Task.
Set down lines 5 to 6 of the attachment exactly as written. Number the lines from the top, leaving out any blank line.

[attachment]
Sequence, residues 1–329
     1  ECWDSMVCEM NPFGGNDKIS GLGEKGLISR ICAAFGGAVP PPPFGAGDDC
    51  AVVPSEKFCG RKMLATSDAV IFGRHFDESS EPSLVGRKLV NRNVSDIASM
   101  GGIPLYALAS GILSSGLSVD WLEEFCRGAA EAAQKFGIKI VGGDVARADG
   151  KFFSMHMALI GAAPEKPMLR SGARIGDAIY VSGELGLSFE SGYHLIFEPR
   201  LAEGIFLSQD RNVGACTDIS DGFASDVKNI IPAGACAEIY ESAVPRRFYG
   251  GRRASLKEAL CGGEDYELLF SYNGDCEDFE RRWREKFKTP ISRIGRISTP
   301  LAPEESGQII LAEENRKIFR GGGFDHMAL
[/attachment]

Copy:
   151  KFFSMHMALI GAAPEKPMLR SGARIGDAIY VSGELGLSFE SGYHLIFEPR
   201  LAEGIFLSQD RNVGACTDIS DGFASDVKNI IPAGACAEIY ESAVPRRFYG